Tag Archives: Weldon Spring Cancer Report

GROUNDHOG DAY: Missouri Health Department Official Tight-Lipped About Cancer Report Due for 2016 Release

“Bob, I am unable to speculate on any potential further updates at this time. As you may be aware, all information released for the department is available here. Thanks, Ryan.” When I read those words from Ryan Hobart, spokesperson for the Missouri Department of Health and Senior Services, in an email message Tuesday afternoon, I felt like I was in the middle of a serious remake of “Groundhog Day.”

Click on image above to visit page Ryan Hobart, spokesperson for the Missouri Department of Health and Human Services, suggested I visit in lieu of providing me with answers.

Click on image above to visit page Ryan Hobart, spokesperson for the Missouri Department of Health and Human Services, suggested I visit in lieu of providing me with answers.

I call it a “serious remake” of the 1993 Bill Murray film, but not because it has something to do with the public health dangers associated with the long-term storage of radioactive waste at a place known as the Weldon Spring Site, located in a once-rural area about 30 miles west of St. Louis. Instead, his message reminds me of “Groundhog Day” because it’s so similar to the correspondence I had received from Hobart’s predecessor two spokespersons removed, Jacqueline Lapine.

When I tried, during a nine-month period in 2011, to find out from Lapine when the long-overdue five-year update to the 2005 Weldon Spring Cancer Report would be released by officials at the state agency responsible for keeping citizens in the Show-Me State informed about monitoring efforts at Weldon Spring, she gave me nothing useful.

It wasn’t until shortly after 5 p.m. Dec. 29, 2011, that I finally received a copy of the 2011 report, known officially as the Analysis of Leukemia Incidence and Mortality Data for St. Charles County, Weldon Spring and Surrounding Areas December 2011 (Update to April 2005 Report) and unofficially as the “Weldon Spring Update” or “2011 Weldon Spring Cancer Inquiry Report.” It came as an attachment to an email message from Gena Terlizzi, the woman who replaced Lapine who, presumably, moved on to new challenges.

To fully understand the issues at Weldon Spring, read this article before continuing.

Read about my "Uphill Battle for Answers" at http://bobmccarty.com/?p=1949.

The investigation that led to my first article about Weldon Springs in January 2012 (see screenshot above) began with state health department officials being very tight-lipped about the 2011 Weldon Spring Cancer Report. Read about it at http://bobmccarty.com/?p=1949.

Now, back to Hobart’s message highlighted at the top of this piece. It wasn’t our first exchange.

Our online conversation dates back to the morning of Oct. 21 and an email message I sent to Hobart:

Dear Ryan:

Five years ago, I communicated with your predecessors, Jaqueline Lapine and Gena Terlizzi, regarding the Weldon Spring Site where radioactive waste is stored in St. Charles County, Mo.

Because I had read in your agency’s 2005 Weldon Spring Cancer Report that the authors recommended “the Cancer Inquiry Program should continue to monitor the cancer incidence and mortality rates in Weldon Spring and its surrounding areas,” I asked for — and eventually obtained — a copy of the 2011 Weldon Spring Cancer Inquiry Report.

Today, I’m repeating the process in hopes of obtaining an update about your agency’s forthcoming release of a 2016 Weldon Spring Cancer Report.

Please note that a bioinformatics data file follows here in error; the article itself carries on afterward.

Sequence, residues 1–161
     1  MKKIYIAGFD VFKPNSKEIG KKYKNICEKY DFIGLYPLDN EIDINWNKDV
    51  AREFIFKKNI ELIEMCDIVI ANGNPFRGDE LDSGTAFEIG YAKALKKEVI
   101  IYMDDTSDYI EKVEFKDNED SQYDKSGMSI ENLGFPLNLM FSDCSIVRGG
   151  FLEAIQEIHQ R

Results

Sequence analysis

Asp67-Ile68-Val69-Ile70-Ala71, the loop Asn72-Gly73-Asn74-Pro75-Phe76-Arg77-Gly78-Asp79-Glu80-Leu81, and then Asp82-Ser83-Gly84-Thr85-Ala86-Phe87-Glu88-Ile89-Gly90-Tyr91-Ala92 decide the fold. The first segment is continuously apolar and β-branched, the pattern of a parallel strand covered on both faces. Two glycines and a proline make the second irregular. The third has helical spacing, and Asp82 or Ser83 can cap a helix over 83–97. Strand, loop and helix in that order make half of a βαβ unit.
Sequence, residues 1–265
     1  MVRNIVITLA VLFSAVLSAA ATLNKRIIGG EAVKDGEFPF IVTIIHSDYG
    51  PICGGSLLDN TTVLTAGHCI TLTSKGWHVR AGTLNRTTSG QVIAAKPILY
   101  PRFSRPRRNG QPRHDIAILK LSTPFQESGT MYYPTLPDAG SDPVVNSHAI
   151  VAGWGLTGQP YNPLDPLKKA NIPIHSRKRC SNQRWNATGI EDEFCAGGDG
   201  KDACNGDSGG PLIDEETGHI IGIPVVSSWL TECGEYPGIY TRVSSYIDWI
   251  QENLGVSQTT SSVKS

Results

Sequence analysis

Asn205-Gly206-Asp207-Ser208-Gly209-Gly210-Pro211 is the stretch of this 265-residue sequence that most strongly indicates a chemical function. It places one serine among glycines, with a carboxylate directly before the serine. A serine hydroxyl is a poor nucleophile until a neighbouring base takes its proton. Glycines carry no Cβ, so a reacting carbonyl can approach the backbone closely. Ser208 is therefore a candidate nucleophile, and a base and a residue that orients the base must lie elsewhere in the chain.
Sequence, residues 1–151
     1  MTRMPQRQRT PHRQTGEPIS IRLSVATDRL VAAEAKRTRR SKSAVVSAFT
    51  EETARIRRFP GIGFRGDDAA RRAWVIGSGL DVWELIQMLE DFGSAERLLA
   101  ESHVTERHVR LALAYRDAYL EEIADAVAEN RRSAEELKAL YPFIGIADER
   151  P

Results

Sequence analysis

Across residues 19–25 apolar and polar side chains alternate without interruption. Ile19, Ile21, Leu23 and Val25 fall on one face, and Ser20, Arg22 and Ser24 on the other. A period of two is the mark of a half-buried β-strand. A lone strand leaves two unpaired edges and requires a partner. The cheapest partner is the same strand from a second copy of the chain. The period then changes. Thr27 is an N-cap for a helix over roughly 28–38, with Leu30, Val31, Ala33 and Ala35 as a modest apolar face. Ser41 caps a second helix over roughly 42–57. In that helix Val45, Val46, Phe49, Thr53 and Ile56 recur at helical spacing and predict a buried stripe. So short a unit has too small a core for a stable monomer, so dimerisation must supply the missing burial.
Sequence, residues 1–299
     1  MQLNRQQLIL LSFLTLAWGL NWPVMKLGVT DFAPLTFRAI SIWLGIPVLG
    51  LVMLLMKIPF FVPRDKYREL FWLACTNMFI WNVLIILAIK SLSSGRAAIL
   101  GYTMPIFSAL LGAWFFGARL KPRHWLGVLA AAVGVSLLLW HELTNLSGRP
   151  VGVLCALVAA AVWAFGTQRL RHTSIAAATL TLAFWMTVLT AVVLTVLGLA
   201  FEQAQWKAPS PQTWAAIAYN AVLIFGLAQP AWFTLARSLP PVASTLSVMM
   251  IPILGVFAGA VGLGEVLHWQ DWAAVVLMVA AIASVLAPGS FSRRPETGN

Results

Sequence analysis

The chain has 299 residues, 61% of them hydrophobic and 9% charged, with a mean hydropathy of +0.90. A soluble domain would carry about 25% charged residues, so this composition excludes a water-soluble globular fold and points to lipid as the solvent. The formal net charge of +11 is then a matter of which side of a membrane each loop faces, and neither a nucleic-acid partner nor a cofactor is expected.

With several national news media outlets, including CBS Evening News and the The Los Angeles Times, reporting recently about the inherent dangers of radioactive waste in the St. Louis County neighborhoods along Coldwater Creek colliding with an underground fire at the nearby Westlake Landfill, it’s imperative that your agency be transparent when it comes to testing and monitoring at the Weldon Spring Site.

At your earliest opportunity, I would like you to provide answers to the following questions:

1. When do officials at the Missouri Department of Health and Senior Services expect to release another five-year follow-up report (a.k.a., “2016 Weldon Spring Cancer Report”)? and

2. Who, within the agency, is in charge of producing the five-year follow-up report?

Please let me know ASAP if you have questions or anticipate any delay beyond 48 hours in responding to my questions. Thanks in advance for your prompt reply.

Sincerely,

Bob McCarty

After five days passed without an answer, I left a phone message with Hobart Monday morning and followed up by sending another email message: “Are you ignoring me on purpose? I’ve emailed — twice now — and I left a phone message three hours ago.”

“Sorry for the delay,” he replied two hours later. “I will be back in touch as soon as I have responsive information to share.”

Almost 24 hours later, I responded: “Ryan, As a long-time veteran of public affairs work, I must say that six days is an unacceptably-slow response time and that delaying the release of bad information — if that is, indeed, the reason for your delay — never works out well for the organization behind the delay.”

Two more days passed, and I received a mid-Tuesday afternoon message from Hobart: “Bob, I am unable to speculate on any potential further updates at this time. As you may be aware, all information released for the department is available here: http://health.mo.gov/living/healthcondiseases/chronic/cancerinquiry/reports.php#weldon. Thanks, Ryan.”

I responded two hours later: “Well, that’s a lame answer, because I’m not asking you to speculate. I’m asking you to tell me whether the Missouri Department of Health and Senior Services will be releasing an update on the 2005 Weldon Spring Cancer Report and the 2011 Weldon Spring Update. If public funds are being spent on preparing such a report, it is your agency’s obligation to inform the public as to how that money is being spent and when they might expect to see any official update.”